Why better management could unlock the productivity puzzle

productivity
"Bad people management often comes down to conflict between different personality types."

UK productivity is still lagging behind that of other countries, and bad people management is often to blame. How can we unlock the best manager behaviours and get the most out of employees, asks Andy Campbell?

We all know bad people management is a workplace issue, but we are only now becoming aware of how big a problem it has become. Not only does it affect the fortunes of employees and the companies that they work for, but it also adversely impacts the UK’s national productivity.

The Economist recently uncovered that while American workers’ output per hour has increased by nine per cent since 2007, and French workers’ by two per cent, productivity in Britain has stagnated. The UK continues to lag behind its G7 counterparts when it comes to post-crunch productivity performance.

A 20-year investigation into this issue by the London School of Economics revealed that poor management has been one of the main reasons for the UK’s productivity woes.

Further research from the Warwick Business School also found that small and medium-sized businesses in the UK have been unable to achieve their growth potential due to poor internal management.

As companies continue to recover from the recent economic downturn, this issue has never been more important. The good news is the productivity challenge is not insurmountable.

Andre Spicer, professor of organisational behaviour at Cass Business School, provided some insight into how this can be achieved when he spoke at a recent Oracle event.

Conflicting personas

Spicer has defined six personas that define mangers’ approaches and behaviours and six alternative personas for employees. Bad people management often comes down to conflict between these different personality types.

An employee who is, by nature, one type of person may well be managed by an individual of an altogether different mindset – which can lead to clashes over the right and wrong ways of working.

On a larger scale, this mismatch can impact the entire business. The danger is that an “us vs them” mindset will take hold between managers and employees – so great is the disconnect between what both “sides” view as good leadership.

In truth, this is a problem of misunderstanding on both sides; managers are not always able to see things from an employees’ perspective and vice versa.

The good news is that some companies are taking measures to bridge this gap and boost productivity by improving the way that talent is managed in the organisation.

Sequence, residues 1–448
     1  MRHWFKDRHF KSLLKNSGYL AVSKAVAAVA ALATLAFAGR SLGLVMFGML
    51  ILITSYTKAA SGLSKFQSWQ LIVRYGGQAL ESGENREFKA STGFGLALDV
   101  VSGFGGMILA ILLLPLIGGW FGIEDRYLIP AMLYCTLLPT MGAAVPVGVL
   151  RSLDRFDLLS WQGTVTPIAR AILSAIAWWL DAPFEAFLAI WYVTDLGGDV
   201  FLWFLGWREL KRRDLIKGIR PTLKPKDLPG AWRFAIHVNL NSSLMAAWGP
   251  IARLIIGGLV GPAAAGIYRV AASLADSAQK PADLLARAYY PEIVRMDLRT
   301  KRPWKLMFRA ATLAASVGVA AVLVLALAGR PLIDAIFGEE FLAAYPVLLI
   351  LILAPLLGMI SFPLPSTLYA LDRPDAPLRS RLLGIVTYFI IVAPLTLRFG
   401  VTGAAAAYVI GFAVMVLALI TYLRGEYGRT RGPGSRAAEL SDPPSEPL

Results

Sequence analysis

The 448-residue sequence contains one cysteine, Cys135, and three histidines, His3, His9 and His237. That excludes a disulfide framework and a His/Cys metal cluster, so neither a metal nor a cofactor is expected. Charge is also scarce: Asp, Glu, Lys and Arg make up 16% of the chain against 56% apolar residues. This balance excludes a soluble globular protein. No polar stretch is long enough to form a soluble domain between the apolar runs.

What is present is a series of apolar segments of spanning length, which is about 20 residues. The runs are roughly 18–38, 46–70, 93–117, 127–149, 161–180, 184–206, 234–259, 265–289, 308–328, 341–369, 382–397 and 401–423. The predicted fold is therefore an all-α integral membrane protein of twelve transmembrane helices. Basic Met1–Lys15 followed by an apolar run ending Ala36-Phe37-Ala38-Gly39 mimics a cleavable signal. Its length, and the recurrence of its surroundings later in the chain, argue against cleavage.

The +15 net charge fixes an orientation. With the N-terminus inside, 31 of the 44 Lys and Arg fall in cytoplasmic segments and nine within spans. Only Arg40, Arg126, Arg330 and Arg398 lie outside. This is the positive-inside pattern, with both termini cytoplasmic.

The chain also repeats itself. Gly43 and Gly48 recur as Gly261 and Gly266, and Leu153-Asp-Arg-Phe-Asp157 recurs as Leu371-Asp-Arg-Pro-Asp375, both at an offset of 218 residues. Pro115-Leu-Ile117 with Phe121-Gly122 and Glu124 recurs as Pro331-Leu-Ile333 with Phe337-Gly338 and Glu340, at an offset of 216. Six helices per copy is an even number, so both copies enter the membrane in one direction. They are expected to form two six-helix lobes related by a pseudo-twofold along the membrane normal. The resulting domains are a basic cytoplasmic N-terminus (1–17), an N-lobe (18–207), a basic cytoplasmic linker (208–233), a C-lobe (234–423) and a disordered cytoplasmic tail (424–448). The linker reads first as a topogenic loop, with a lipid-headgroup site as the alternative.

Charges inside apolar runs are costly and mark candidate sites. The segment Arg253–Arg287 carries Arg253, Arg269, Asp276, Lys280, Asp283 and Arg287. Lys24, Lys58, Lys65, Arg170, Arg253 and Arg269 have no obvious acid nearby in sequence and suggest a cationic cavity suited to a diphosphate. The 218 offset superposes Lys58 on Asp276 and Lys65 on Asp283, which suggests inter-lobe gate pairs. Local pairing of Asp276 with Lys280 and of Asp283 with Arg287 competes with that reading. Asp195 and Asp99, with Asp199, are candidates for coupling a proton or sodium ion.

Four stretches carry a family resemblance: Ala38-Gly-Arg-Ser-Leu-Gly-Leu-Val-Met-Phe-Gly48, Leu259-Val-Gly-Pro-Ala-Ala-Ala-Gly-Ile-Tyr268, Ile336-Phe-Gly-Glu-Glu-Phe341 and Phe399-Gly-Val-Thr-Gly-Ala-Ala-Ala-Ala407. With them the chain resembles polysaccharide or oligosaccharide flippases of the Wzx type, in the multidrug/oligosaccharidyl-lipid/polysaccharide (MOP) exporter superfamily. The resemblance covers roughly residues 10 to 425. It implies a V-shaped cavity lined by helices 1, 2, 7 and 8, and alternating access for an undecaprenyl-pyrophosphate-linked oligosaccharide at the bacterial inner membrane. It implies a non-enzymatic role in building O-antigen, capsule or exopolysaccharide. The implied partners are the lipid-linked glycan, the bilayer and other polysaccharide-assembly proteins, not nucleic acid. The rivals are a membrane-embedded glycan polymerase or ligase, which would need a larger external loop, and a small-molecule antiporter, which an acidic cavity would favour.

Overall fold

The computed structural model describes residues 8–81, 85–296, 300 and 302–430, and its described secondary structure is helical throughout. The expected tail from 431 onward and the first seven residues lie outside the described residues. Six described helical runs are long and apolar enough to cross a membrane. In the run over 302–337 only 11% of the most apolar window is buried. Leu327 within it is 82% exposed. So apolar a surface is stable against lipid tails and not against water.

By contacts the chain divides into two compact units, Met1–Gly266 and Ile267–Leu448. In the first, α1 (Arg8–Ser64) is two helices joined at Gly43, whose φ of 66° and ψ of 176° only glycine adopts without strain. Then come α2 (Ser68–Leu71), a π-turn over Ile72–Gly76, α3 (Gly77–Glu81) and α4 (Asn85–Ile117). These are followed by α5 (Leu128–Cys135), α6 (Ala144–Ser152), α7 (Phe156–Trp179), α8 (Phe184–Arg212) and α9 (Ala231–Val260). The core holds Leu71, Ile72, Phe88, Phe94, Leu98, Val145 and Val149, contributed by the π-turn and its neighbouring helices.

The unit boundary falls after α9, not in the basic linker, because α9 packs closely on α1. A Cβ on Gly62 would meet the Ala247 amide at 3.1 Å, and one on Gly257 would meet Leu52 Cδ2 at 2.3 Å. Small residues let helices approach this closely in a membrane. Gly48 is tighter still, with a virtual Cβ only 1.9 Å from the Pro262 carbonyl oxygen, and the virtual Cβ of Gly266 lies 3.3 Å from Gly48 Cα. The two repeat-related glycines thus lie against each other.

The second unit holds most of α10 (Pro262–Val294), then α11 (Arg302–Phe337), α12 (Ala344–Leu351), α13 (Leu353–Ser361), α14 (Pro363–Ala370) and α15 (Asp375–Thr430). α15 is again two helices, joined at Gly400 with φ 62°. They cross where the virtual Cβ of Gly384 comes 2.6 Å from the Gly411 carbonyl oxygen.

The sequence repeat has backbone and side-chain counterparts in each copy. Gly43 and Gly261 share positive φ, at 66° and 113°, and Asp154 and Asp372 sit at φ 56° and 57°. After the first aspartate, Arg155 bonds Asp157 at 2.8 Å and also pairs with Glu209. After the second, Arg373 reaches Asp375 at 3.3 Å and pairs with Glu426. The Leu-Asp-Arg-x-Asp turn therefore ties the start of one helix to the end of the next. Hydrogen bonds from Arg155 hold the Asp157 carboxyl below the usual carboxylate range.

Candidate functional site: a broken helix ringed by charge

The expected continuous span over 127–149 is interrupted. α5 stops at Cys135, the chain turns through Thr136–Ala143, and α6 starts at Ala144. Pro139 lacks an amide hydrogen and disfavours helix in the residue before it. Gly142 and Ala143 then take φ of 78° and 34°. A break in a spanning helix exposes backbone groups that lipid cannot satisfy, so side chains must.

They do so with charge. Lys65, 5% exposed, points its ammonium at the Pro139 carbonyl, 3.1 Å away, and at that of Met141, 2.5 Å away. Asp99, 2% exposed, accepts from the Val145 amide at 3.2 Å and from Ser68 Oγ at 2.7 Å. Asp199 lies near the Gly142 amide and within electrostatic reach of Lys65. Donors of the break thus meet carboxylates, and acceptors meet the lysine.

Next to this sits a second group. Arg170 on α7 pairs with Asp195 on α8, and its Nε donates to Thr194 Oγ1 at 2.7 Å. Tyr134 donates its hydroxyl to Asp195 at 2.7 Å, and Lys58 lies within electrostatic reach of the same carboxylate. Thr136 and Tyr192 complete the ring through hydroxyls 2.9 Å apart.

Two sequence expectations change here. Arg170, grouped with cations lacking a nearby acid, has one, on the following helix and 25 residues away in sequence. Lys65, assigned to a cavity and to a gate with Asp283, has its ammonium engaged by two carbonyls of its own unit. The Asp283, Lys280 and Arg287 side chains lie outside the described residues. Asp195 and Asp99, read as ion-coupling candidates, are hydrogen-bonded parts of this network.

The key to success lies in taking a behaviourist approach to people management, and the good thing about behaviour is it can be measured and recorded.

And the more behavioural data a business collects, the more accurately managers can respond to the needs of the employees on their team.

Such behaviourist tactics have already scored big wins for marketing departments, where teams have proven adept at using data analysis to map customer behaviour, model their actions, quantify their responses to particular campaigns and ultimately predict what action they are likely to take.

Data-driven approach

The future of talent management lies in a similar data-driven approach based on drawing insights from measureable human behaviour.

It is about taking a more scientific view of management and listening to what the data tells us about how people will respond to a certain strategy rather than relying on hunches, best guesses or ingrained beliefs about what does and does not work.

Yet a large proportion of HR professionals view employee behaviour as a completely different beast to customer behaviour. Because they treat it as more of an art than a science, many do not believe that technology can help them understand complex issues in the organisation such as cultural change and employee engagement.

In reality everyone is a consumer, including every employee and manager. Therefore, the principles of analysing how employees engage with their work environment are the same as those that apply to learning how a customer interacts with a brand.

In both cases, this comes down to developing a better understanding of a group of individuals in order to improve engagement and deliver more value to the business.

While the UK’s current productivity situation is certainly in need of improvement, this is not a far-off dream.

The tools for employers to get deeper, more meaningful insights about their employees are available today and companies that make use of this will quickly find ways to get the best out of their workforce.

But first, managers will need to overcome their biases on what it means to measure employee engagement.

Andy Campbell

About Andy Campbell

Andy Campbell is senior director of HCM strategy at Oracle UK.
Comments are closed.